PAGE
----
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First motorist on careless driving causing death charge loses appeal

The first motorist convicted under Queensland’s careless driving causing death laws has lost an appeal against the wholly suspended five-month jail term she received more than a year ago.

Mirhiri De Silva, 43, was convicted in the Beenleigh Magistrates Court on 31 July last year of driving without due care and attention causing the death of 61-year-old motorcyclist David John Lund.

The court was told De Silva, who until then had an unblemished traffic history, turned her Toyota Corolla hatchback into the path of Lund’s motorcycle on Kingston Rd, Underwood, on Brisbane’s southern outskirts, about 6pm on 13 September 2018.

In mid-2018 the Queensland Government introduced a new law carrying a maximum jail term of up to 12 months and licence suspension of up to two years for the offence of driving without due care and attention causing death.

The law change also paved the way for matters to be dealt with by way of the Magistrates Court. Previously, Queensland law only permitted for drivers to be charged with the more serious offence of dangerous driving causing death, which carries prison terms of up to 14 years, and requires cases to be resolved by higher courts.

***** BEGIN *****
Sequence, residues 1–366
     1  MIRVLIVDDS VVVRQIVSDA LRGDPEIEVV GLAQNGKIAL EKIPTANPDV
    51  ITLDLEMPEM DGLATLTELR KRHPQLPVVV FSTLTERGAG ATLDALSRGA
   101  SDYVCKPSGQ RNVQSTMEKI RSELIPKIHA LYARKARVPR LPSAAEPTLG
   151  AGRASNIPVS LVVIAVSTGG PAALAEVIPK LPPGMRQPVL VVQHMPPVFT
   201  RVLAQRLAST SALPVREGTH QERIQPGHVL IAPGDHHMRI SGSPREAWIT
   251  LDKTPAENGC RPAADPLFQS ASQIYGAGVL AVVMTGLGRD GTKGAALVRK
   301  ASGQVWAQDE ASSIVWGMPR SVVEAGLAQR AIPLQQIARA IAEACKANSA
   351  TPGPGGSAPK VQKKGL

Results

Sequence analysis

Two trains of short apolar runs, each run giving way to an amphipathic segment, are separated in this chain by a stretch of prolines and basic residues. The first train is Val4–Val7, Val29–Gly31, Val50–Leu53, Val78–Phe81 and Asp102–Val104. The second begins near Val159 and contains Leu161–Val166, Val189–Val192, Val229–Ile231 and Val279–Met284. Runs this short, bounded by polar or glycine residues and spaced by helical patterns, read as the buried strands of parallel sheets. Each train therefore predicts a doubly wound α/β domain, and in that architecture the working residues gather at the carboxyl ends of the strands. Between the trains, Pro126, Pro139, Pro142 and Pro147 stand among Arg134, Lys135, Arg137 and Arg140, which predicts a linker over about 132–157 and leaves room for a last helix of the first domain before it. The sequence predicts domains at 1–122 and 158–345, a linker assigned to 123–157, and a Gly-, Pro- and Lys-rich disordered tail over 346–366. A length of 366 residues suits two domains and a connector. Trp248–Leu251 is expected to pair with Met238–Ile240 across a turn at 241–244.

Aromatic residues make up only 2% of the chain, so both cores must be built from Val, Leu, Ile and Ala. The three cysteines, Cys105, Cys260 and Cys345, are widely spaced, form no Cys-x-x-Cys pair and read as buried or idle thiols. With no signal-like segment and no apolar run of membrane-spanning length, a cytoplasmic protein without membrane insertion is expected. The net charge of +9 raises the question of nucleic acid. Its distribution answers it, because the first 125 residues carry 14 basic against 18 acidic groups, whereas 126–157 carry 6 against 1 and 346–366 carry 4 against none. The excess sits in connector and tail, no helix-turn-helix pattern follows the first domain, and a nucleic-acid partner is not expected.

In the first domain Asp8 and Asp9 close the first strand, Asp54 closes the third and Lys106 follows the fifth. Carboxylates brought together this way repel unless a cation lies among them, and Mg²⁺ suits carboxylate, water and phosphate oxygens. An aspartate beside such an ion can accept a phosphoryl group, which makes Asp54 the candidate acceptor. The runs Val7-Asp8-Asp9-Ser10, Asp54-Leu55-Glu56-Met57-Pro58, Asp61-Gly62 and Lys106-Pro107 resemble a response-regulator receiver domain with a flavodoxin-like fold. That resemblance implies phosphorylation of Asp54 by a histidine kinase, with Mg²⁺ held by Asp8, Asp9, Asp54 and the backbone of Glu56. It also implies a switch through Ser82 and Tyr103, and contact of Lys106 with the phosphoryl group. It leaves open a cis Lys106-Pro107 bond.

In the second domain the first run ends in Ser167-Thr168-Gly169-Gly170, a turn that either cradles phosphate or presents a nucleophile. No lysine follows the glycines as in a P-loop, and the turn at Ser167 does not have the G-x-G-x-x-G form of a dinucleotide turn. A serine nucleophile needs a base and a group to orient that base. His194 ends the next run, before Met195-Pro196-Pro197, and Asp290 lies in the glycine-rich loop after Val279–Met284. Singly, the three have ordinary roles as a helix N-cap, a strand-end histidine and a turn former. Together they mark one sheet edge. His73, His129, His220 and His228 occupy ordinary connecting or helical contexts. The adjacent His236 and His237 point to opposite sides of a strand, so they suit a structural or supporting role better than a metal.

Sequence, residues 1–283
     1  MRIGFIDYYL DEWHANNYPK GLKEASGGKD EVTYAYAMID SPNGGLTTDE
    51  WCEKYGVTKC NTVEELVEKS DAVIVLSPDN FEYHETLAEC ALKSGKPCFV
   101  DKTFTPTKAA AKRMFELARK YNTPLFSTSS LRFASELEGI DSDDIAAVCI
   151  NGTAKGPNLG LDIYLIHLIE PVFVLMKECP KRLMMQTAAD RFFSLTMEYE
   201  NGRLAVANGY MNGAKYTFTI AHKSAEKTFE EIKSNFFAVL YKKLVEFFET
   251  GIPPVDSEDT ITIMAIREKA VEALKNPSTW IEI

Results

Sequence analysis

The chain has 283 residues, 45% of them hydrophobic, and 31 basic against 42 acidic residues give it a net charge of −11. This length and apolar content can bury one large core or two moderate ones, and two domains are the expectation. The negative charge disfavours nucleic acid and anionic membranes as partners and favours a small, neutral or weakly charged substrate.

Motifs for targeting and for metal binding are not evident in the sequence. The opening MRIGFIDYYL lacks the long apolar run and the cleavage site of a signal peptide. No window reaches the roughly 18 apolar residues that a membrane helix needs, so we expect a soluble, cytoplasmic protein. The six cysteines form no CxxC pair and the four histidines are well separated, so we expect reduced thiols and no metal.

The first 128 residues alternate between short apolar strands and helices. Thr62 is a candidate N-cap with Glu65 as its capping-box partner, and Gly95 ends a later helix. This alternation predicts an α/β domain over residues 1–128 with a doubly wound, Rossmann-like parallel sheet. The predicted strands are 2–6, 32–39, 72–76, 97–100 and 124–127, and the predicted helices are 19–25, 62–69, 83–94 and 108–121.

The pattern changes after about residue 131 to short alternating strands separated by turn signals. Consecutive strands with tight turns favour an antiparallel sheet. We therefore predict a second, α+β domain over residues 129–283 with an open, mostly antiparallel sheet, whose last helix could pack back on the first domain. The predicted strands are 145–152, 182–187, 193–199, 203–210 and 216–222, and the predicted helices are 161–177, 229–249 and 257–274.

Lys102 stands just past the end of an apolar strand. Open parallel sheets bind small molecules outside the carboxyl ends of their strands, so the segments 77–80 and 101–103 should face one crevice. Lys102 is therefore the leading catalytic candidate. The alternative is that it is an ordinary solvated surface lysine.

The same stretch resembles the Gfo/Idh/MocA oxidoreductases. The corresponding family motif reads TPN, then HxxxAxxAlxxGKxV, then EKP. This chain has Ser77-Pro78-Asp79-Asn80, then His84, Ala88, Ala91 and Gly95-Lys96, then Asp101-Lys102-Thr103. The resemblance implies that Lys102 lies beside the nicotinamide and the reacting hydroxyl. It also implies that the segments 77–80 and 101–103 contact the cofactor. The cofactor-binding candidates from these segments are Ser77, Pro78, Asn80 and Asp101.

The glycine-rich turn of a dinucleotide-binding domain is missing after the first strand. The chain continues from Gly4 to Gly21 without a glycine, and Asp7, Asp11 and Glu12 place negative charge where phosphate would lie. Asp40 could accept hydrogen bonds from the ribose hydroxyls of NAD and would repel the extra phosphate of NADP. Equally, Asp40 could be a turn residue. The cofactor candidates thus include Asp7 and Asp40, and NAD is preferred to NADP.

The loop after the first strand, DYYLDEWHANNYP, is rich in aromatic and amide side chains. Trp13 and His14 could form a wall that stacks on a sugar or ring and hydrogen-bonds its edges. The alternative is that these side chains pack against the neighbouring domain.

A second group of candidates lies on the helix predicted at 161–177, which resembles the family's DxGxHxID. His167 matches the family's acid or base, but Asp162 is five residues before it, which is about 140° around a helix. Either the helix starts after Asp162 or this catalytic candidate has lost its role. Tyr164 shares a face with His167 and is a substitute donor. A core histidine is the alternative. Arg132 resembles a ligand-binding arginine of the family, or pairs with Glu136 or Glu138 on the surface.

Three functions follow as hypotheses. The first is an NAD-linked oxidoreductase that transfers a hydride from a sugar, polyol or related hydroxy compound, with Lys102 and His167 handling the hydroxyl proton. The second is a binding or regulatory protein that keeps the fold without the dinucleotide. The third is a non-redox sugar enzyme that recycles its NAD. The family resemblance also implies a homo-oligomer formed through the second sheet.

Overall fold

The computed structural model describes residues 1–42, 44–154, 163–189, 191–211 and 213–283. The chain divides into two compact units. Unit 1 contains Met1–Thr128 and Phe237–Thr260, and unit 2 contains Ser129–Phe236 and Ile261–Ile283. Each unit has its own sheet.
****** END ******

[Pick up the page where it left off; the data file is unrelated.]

De Silva recently appealed against her five-month prison term, which was wholly suspended for two years, in the Beenleigh District Court on the grounds the sentence was manifestly excessive.

District Court Judge Craig Chowdhury, in a 16-page decision handed down last Friday, dismissed De Silva’s appeal, saying: “It was open to the learned Magistrate to impose the sentence he did.

“In my view, (De Silva’s) driving came close to the border of dangerous. She failed to keep a proper lookout, and failed to the see the oncoming motorcycle and turned in its path, causing the fatal collision.

“It was open to the learned Magistrate to impose a period of prison, albeit wholly suspended.”

Judge Chowdhury also noted that, given time, a “pattern of sentencing” would emerge for this relatively new offence.

“It is obvious that the level of penalty for this offence should be greater than the penalties imposed on the offence of driving a motor vehicle without due care and attention simpliciter,” Judge Chowdhury said. “No doubt a pattern of sentencing will emerge as time goes on.”

Read the full decision.

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